The modified locomotives were to prove very successful although destined, unfortunately, for a relatively short life in rebuilt form. The use of the smoke deflectors with conventional classing eliminated the problem of visibility that had plagued the Unrebuilt locomotives, for example, whilst the modifications eliminated many of the maintenance problems that had afflicted the class from new. There was a new problem, however; this was that the Rebuilt locomotives placed a greater load upon the track. This was the result of the hammerblow caused by the balance weights on the outside Walshaerts valve gear; the original valve gear had avoided this problem by being largely self-balanced. The Rebuilt locomotives did prove excellent in service; the last recorded main-line run of a steam locomotive at over 100mph on British Rail occurred on 26 June 1967 when No 35003 Royal Mail achieved a speed of just under 106mph running between Winchfield and Fleet with an up service from Weymouth to Waterloo.
The programme to rebuild the Bulleid Pacifics commenced contemporaneously with the decision, as described in the Modernisation Plan, to phase out steam traction on Britain’s railways and replace it with diesel and electric motive power. On the Southern Region, much of the network was to be modernised through the extension of the third-rail network. Thus, whilst work on the conversion of the Bulleid Pacifics continued, work was also in hand in the planning of electrification. Although the programme of rebuilding the ‘Merchant Navy’ class was completed, with the last example, No 35006 Peninsular & Oriental SN Co, being completed in October 1959, only 60 of the light Pacifics were rebuilt before the programme ceased with Nos 34104 Bere Alston and 34109 Sir Trafford Leigh-Mallory, in May 1961.
With the rapid decline of main-line steam, the Bulleid Pacifics — both Unrebuilt and Rebuilt — were destined to have a shorter life than might have been expected. Withdrawal of the Rebuilt ‘Merchant Navy’ class commenced in February 1964 with the demise of Nos 35002 Union Castle and 35015 Rotterdam Lloyd, but 10 remained in service at the end of 1966 with the following surviving until the end of Southern Region main-line steam in July 1967: Nos 35003 Royal Mail, 35007 Aberdeen Commonwealth, 35008 Orient Line, 35013 Blue Funnel, 35023 Holland-Afrika Line, 35028 Clan Line (preserved on withdrawal; the only example preserved initially) and 35030 Elder Dempster Line. Of the 60 rebuilt light Pacifics, withdrawals again began in May 1964 with the demise of No 34028 Eddystone. A total of 29 remained active into 1967, with the following again surviving to the end of SR steam: 34001 Exeter, 34004 Yeovil, 34013 Okehampton, 34018 Axminster, 34021 Dartmoor, 34024 Tamar Valley, 34035 Whimple, 34034 Honiton, 34036 Westward Ho, 34037 Clovelly, 34140 Crewkerne, 34052 Lord Dowding, 34060 25 Squadron, 34087 145 Squadron, 34089 602 Squadron, 34090 Sir Eustace Missenden, Southern Railway, 34093 Saunton, 34095 Brentor and 34100 Appledore.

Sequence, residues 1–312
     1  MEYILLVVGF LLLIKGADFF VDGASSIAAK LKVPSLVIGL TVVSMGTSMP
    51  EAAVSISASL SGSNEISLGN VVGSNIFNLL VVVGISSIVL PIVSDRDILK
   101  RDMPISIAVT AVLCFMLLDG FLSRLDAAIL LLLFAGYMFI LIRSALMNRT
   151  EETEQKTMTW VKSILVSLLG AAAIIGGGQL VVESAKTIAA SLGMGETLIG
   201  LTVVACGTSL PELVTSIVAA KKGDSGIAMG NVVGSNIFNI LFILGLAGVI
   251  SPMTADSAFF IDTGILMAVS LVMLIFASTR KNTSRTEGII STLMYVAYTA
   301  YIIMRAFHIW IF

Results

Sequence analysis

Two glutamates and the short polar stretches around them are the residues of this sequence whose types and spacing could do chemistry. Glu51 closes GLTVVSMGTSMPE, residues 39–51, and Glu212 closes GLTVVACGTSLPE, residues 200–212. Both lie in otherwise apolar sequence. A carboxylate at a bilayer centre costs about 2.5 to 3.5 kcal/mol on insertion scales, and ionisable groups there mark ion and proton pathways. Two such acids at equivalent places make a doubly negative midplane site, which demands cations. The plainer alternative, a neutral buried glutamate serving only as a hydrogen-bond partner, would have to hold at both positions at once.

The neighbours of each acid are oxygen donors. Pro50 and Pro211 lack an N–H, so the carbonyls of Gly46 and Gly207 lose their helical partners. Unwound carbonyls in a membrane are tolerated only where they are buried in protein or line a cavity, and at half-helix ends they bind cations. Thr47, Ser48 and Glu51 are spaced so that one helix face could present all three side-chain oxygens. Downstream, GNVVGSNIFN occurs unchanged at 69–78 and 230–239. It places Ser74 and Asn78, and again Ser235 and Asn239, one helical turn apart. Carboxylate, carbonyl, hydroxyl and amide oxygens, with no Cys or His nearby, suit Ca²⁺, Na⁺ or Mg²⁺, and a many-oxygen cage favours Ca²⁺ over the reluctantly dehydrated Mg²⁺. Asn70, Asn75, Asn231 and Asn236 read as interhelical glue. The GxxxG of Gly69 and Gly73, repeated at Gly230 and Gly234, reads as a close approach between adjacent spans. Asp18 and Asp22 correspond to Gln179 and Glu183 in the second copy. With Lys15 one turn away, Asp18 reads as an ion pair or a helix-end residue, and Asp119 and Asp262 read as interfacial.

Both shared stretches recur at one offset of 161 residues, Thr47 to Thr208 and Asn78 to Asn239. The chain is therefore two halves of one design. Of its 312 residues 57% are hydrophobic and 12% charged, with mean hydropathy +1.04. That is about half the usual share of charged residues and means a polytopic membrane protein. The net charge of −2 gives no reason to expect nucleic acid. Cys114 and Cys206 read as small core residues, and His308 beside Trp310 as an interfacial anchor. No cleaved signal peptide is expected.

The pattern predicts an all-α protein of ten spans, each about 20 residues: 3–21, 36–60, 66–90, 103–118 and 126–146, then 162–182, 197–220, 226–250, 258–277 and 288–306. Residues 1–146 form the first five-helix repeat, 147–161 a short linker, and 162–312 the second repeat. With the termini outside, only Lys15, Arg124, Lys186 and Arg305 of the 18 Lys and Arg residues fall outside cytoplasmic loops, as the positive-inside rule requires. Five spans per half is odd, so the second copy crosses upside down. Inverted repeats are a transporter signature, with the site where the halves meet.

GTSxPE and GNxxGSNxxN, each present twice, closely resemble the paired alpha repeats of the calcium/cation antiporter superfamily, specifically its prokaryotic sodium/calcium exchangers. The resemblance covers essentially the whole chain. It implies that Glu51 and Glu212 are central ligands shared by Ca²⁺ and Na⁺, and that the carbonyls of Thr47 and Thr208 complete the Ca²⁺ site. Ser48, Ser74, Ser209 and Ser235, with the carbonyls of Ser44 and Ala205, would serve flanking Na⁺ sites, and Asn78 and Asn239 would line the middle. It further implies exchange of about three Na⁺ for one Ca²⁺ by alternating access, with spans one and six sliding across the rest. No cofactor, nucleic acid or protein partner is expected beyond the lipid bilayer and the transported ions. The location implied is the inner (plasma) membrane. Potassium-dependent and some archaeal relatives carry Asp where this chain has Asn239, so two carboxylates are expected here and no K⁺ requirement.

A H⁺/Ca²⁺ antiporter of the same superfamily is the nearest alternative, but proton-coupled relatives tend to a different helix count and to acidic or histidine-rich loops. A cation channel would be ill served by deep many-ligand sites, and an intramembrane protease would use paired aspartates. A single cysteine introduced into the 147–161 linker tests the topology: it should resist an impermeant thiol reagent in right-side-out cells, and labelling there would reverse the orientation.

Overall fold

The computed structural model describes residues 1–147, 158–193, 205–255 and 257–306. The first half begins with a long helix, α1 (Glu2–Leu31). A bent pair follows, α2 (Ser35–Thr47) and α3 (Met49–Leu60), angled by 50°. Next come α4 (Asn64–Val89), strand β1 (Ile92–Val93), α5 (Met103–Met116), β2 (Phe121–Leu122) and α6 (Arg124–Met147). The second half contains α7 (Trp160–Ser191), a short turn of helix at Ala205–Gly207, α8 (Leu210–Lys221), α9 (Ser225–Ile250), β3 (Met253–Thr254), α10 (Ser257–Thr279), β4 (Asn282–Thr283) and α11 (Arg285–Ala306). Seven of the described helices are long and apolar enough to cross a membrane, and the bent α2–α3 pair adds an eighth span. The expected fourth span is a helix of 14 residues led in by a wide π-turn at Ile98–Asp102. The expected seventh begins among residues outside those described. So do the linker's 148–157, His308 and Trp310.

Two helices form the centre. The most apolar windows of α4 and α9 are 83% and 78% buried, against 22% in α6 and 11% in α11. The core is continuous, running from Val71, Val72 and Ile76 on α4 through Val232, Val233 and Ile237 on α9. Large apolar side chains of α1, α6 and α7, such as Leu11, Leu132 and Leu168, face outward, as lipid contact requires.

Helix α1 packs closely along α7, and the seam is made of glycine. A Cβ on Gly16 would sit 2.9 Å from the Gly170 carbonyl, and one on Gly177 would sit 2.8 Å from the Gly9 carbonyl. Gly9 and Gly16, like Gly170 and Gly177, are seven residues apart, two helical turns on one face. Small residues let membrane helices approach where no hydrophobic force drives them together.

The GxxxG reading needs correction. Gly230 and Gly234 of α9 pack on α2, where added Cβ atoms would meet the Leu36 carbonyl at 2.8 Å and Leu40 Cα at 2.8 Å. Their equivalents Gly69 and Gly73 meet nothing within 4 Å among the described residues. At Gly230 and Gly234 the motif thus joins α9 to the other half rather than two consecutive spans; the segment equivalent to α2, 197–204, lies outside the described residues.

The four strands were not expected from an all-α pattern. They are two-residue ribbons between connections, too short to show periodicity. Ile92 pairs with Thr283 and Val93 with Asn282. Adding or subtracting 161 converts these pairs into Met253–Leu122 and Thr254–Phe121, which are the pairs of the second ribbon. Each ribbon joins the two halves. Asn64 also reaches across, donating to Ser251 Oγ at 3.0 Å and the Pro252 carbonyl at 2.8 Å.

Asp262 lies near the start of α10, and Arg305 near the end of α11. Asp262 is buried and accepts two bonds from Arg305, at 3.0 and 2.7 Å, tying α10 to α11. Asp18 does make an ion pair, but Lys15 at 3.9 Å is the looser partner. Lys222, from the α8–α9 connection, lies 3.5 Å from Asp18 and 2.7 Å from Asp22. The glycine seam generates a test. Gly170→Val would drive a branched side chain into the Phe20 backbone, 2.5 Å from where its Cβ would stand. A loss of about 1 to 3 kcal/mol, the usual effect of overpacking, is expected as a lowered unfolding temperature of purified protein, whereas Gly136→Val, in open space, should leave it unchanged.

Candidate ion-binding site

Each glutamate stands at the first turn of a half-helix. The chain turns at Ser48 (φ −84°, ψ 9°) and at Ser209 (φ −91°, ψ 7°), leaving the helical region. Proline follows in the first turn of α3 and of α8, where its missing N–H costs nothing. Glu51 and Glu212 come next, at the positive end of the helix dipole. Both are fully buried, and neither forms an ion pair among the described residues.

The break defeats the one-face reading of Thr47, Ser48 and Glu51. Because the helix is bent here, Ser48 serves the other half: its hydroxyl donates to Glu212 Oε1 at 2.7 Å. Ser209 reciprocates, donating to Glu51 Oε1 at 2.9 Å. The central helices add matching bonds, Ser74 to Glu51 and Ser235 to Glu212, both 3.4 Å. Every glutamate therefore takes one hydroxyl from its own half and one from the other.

Of the rebuilt ‘Merchant Navy’ class, no fewer than 10 — Nos 35005/06/09-11/18/22/25/27/28 — survive in preservation, mostly as a result of being sold on withdrawal to Woodham Bros and subsequently rescued. Of these, the intention is ultimately that No 35011 General Steam Navigation will be restored to its original condition rather than as a rebuilt. An 11th, No 35029 Ellerman Lines, which was also sold to Woodham Bros, also survives but as a sectioned example for display in the National Railway Museum. Of the 60 examples of the rebuilt ‘West Country’ and ‘Battle of Britain’ classes, the following examples survive: Nos 34010/16/27/28/39/46/53/58/59/101. All of these were rescued from the Barry scrapyard; without Woodham Bros’s ownership, no rebuilt ‘Light Pacific’ would have survived.